Otariids (fur seals and sea lions) show extreme sexual dimorphism with males weighing two to four times the mass of females [14]. Furthermore, their reproductive strategy induces very different constraints on male and female foraging behaviour. Specifically, while males do not provide any parental care and can disperse after the mating period, females suckle their young for the duration of the lactation (4 to 36 mo) [15]. Hence, adult female otariids need to regularly return to their breeding colony to provision dependent offspring and are spatially constrained in foraging trip distance and duration by the fasting ability of their young. Accordingly, differences in foraging behaviour have been observed between the sexes in several species of otariids, both in terms of (i) habitat use (horizontal and/or vertical segregation), with males typically foraging further away from the breeding colonies and diving deeper than females [1620], and (ii) diet, with males feeding upon larger prey of higher trophic level compared to females [10, 21, 22, 23]. As male otariids have potentially access to a wider range of resources than females, they should exhibit a wider trophic niche associated with a higher level of individual variation [8, 13]. However, comparison of the degree of individual specialisation between sexes have previously only been documented in two sympatric fur seal species, of which the study revealed contrasting results [10].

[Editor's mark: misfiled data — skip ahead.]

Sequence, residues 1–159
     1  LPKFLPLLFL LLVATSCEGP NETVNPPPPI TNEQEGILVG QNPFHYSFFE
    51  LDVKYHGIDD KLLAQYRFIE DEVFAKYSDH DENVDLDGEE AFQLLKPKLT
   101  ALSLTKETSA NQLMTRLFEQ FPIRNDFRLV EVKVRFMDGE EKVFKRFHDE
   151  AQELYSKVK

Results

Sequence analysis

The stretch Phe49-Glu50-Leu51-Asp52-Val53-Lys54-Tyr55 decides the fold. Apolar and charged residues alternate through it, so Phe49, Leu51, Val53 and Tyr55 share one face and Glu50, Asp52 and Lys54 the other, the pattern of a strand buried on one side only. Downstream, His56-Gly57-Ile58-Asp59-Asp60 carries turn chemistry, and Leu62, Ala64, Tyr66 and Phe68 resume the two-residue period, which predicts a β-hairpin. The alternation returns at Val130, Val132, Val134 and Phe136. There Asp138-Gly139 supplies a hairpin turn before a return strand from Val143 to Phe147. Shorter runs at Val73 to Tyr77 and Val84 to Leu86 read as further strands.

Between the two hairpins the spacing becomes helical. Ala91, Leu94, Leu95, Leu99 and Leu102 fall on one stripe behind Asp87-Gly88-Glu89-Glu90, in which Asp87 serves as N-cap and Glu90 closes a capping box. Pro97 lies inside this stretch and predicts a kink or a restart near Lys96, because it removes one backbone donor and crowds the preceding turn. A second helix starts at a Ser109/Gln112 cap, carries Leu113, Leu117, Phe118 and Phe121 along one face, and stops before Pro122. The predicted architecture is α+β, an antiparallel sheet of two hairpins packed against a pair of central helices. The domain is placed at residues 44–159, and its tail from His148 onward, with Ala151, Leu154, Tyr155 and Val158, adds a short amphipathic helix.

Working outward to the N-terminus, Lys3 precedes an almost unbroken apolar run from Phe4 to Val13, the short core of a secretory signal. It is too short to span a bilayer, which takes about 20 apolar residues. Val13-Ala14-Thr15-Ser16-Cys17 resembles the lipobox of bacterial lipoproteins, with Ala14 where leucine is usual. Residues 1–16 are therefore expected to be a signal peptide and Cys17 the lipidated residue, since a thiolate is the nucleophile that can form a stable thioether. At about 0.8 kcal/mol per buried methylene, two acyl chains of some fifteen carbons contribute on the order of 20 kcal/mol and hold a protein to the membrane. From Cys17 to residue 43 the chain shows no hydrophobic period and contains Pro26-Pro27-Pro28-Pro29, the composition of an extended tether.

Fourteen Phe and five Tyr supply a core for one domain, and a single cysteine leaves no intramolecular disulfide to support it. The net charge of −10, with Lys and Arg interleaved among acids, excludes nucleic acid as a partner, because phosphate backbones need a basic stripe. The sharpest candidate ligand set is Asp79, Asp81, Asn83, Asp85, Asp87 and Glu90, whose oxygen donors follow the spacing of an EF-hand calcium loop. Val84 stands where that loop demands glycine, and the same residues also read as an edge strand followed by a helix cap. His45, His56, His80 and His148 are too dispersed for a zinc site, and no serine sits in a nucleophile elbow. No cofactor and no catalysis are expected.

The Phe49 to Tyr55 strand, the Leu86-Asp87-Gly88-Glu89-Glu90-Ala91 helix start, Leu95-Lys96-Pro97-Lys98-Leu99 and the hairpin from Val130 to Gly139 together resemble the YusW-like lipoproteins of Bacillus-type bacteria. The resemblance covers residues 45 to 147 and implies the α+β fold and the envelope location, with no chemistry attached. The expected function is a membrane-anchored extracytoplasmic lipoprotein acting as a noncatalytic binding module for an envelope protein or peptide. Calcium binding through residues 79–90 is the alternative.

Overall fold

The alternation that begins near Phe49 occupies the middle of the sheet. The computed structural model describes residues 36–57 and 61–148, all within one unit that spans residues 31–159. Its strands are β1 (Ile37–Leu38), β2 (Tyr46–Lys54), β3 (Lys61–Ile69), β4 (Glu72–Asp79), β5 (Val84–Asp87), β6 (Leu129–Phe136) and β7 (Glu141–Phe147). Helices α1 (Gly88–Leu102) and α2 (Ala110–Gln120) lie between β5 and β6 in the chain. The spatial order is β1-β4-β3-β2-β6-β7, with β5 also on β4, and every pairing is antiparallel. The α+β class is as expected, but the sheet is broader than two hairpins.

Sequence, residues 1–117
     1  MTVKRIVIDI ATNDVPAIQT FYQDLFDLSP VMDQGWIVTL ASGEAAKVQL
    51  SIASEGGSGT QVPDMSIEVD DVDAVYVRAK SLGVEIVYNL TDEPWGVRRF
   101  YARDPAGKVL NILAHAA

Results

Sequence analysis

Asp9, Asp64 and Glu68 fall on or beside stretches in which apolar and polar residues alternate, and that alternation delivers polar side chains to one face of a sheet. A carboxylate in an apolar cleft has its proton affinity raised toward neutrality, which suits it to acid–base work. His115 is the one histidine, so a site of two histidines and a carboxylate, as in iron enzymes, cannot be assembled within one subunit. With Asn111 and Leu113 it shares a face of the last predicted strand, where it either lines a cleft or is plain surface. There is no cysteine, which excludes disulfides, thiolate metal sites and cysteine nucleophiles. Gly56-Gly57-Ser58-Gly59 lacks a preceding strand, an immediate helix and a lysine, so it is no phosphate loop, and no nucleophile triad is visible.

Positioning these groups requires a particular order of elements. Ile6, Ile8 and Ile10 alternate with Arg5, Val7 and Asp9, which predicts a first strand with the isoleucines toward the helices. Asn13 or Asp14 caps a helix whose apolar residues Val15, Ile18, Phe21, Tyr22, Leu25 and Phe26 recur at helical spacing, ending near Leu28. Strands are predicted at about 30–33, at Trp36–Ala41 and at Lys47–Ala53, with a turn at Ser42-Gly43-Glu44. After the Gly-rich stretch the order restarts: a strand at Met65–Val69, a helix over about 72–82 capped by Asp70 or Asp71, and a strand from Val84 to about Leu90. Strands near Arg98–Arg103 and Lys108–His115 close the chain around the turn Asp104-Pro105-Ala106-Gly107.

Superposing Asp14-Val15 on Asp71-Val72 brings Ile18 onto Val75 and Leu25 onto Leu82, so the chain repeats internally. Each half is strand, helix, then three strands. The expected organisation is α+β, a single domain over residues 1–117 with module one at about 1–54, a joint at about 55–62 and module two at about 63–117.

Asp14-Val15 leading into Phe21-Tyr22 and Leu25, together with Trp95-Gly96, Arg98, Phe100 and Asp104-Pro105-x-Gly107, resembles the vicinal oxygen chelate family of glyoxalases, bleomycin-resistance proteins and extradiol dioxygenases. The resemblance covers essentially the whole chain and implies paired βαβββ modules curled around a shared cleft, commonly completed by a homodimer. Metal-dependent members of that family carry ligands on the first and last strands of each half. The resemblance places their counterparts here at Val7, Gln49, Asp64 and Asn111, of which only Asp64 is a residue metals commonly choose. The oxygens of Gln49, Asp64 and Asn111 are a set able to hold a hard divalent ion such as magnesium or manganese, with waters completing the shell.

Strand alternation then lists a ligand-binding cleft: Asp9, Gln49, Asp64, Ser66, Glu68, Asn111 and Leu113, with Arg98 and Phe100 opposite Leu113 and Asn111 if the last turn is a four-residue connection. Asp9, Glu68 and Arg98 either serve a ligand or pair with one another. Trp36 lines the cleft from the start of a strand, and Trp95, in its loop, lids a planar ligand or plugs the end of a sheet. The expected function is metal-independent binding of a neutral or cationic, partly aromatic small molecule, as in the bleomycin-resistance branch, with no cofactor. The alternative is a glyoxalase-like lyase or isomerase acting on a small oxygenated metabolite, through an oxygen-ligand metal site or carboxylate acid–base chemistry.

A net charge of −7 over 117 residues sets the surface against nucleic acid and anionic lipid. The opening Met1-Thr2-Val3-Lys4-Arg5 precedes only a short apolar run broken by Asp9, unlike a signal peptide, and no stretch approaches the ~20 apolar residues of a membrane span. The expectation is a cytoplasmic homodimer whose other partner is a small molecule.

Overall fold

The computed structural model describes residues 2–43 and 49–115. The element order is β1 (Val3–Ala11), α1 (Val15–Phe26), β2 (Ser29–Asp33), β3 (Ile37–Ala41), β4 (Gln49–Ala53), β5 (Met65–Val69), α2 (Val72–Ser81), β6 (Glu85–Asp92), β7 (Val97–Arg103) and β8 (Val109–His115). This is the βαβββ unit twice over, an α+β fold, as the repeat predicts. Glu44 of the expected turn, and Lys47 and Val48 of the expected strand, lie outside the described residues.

The Australian fur seal (Arctocephalus pusillus doriferus) is the largest fur seal species, with males and females weighing on average 279 kg and 76 kg, respectively [24]. Given the contrasting energetic requirements and constraints of the two sexes, sexual segregation would be expected in this species [3]. However, the local environment is also a major factor driving the degree of resource partitioning within a population [25]. In particular, resources need to be diverse enough to provide the ecological opportunity for conspecifics to diverge in their foraging niche. While the foraging behaviour of male Australian fur seals is poorly known, both males and females appear to be benthic foragers, restricted in their foraging habitat to the shallow continental shelf region of south-eastern Australia [2628]. Therefore, this species represents an interesting model to investigate to what extent a highly dimorphic species, characterised with contrasting sexual breeding constraints, segregates at the sexual and individual levels, in a restricted environment. The degree of niche partitioning may vary in time, as constraints related to the annual cycle take effect (e.g. reproductive investment, migration) or the distribution and abundance of prey fluctuate [29, 30]. Hence, the aims the study were to investigate spatial and dietary sexual niche segregation in the Australian fur seal over different time-scales, and gender-specific individual specialisation over the long-term.